The Big Q

Questions - Ideas - Scholarship - Debates

Project for Public Interest Media

The meme politics of white supremacy: how does fascist radicalisation happen on the internet?

The devastating anti-Muslim attacks carried out in Christchurch in March this year were part of a trend of disaffected white men, radicalised into fascist politics through social media meme culture according to Emmi Bevensee.

Q+A: How is trauma passed on through generations?

Is the transmission of trauma multi-generational? Do children of survivors of mass atrocities have a higher risk of developing psychological disorders? To understand the process of multi-generational legacies of trauma, Maria Armoudian speaks with Andrei Novac and Yael Danieli about the impact of survivors’ post-trauma adaptational style in their children’s eyes. 

Are we equipped to protect our ecosystems in an age of global species extinction?

The recently released Global Assessment from the United Nations’ Intergovernmental Science-Policy Platform on Biodiversity and Ecosystem Services is a wake-up call to all of us when it comes to species extinction according to Wendy Nelson.

Politics & Society

Q+A: What is going wrong inside New Zealand’s prisons?

A recent report investigating the state of three New Zealand prisons found that low staffing numbers were straining conditions. Lachlan Balfour spoke with Liam Martin, Lecturer in Criminology at Victoria University, about the report and the state of prisons in New Zealand.

Q+A: What does Jair Bolsonaro’s victory mean for Brazil and the rest of the world?

He is known in many circles as the ‘Trump of the Tropics’ and his election has shaken Brazilian politics and has the potential to shift Brazilian domestic politics and regional politics for years to come. Doug Becker speaks with Erica Resende and Guilherme Casaroes about Jair Bolsonaro’s election and what this means for Brazil and the rest of the world.

Q+A: Is it time to stop using cars?

A recent report from a team of researchers based at the University of Otago has found that our use of cars is harming both our health and our environment. Is it time to give up our cars?

Q+A: What is the resistance? Political movements in Trump’s America

Even before Donald Trump was elected president of the United States in 2016, protest groups were forming and mobilising against him. Together, they now form what is termed ‘The Resistance’. But what is The Resistance, and can it succeed in keeping American democracy alive?

Science & Technology

Q+A: How is trauma passed on through generations?

Is the transmission of trauma multi-generational? Do children of survivors of mass atrocities have a higher risk of developing psychological disorders? To understand the process of multi-generational legacies of trauma, Maria Armoudian speaks with Andrei Novac and Yael Danieli about the impact of survivors’ post-trauma adaptational style in their children’s eyes. 

Q+A: Could ditching cars make us healthier?

A recent report from a team of researchers based at the University of Otago has found that our use of cars is harming both our health and our environment. The report, titled Turning the Tide, claims that urgent steps are needed to encourage New Zealanders to walk, cycle, or use public transport. Oscar Perress spoke with Melody Smith about changing the way we think about cars, and how we can lead healthier lives.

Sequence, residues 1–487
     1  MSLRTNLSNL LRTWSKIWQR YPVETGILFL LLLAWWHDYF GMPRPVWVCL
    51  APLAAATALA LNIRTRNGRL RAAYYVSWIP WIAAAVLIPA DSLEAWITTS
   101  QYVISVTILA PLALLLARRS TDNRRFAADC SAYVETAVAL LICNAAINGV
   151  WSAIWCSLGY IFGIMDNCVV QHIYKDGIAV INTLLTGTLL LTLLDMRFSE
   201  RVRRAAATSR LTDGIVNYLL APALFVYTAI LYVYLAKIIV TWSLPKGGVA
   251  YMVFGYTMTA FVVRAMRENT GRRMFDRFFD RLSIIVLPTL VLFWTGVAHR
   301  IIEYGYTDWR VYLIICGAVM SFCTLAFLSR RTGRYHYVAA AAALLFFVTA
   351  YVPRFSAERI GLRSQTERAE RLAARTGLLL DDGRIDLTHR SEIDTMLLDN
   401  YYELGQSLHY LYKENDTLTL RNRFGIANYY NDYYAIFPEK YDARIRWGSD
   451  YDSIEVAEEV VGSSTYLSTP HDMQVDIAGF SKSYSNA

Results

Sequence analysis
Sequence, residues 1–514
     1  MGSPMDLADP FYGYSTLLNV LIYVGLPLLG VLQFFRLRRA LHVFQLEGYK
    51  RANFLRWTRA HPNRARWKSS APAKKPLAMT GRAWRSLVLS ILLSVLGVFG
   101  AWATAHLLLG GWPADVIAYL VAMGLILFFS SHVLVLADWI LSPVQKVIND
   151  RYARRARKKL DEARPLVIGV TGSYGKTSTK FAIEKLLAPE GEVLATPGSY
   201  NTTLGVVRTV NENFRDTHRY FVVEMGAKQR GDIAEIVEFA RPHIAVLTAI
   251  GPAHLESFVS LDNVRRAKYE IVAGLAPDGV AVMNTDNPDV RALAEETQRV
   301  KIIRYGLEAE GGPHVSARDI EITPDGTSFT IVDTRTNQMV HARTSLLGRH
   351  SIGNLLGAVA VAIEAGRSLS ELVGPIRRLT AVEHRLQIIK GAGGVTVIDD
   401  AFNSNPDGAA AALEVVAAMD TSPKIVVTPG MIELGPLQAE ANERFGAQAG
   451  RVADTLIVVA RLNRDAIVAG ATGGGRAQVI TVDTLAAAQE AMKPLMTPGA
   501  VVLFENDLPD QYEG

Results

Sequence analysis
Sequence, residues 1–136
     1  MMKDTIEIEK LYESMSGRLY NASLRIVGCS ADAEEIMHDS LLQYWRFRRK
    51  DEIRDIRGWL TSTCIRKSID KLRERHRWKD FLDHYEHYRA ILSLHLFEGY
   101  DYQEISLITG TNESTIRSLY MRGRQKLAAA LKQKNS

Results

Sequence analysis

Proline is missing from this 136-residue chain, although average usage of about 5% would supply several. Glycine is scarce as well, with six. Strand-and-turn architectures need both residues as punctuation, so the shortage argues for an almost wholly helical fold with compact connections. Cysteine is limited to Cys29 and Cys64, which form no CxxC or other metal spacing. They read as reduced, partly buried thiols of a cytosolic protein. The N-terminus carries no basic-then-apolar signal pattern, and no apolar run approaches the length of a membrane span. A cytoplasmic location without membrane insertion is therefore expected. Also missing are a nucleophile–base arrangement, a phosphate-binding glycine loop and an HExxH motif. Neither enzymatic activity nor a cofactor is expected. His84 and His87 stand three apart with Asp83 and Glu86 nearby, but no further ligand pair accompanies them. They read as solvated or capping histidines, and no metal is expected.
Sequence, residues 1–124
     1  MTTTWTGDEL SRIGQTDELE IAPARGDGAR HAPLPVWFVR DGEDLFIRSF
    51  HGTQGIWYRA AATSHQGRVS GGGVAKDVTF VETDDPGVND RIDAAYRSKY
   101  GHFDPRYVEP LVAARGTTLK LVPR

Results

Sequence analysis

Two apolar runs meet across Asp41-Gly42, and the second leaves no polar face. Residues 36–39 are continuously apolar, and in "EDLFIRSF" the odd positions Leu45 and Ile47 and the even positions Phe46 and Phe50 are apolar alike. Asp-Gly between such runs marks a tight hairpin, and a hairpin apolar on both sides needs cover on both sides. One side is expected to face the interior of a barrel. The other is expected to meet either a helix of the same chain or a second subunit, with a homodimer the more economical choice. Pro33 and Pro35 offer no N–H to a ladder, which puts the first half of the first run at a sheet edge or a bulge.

Business & Economics

Q+A: Is New Zealand ready to go carbon zero?

In New Zealand, recent policy plans by the government show the first steps towards zero-carbon emissions. Oil and gas exploration has been banned although with controversial stipulations, while a zero-carbon bill is currently going through parliament which proposes putting a price on carbon. Is New Zealand ready to go zero carbon?

What are the implications of the US-China trade war? 🔊

In 2018, the United States and China have been embroiled in a trade war with each country continuing to raise tariffs placed on goods traded between the two nations. But what exactly are Donald Trump’s tariff policies and what will be their effects?

Could a recession be just around the corner?

The U.S. economy is growing at the fastest pace in five years and unemployment is at the lowest level in almost half a century. So why are Wall Street and some economists suddenly worried about a recession?

Arts & Culture

Q+A: How are political ideologies labelled?

The political spectrum is often a model that puts political ideologies on a scale of left to right – hence why we hear the term ‘left-wing’ and ‘right-wing’. The terms date back to 1789 and the French Revolution, when radicals sat on the left side of the National Assembly, the aristocracy on the right. But how are political ideologies labelled and how are political spectrums formed?

Q+A: Why is the United States so polarised?

What are the fault lines that have fractured politics in America? Julian Zelizer has analysed the historical roots of the present-day political turmoil, divisions, and partisanship in the US for his new book Fault Lines: A History of the United States Since 1974. 

What is the ‘Alt-Right’?

After the horrendous attacks in Christchurch, many people understandably have questions about the motives and ideology of the alleged attacker. Damon Berry analyses the role the alt-right might have played in the attacks.

Q+A: How influential is the presidency of the United States?

How much does the U.S. presidency matter for the direction of the United States, and for the rest of the world? Maria Armoudian speaks with William F. Grover and Joseph G. Peschek about the power of the U.S. presidency and what they term the “unsustainable presidency.”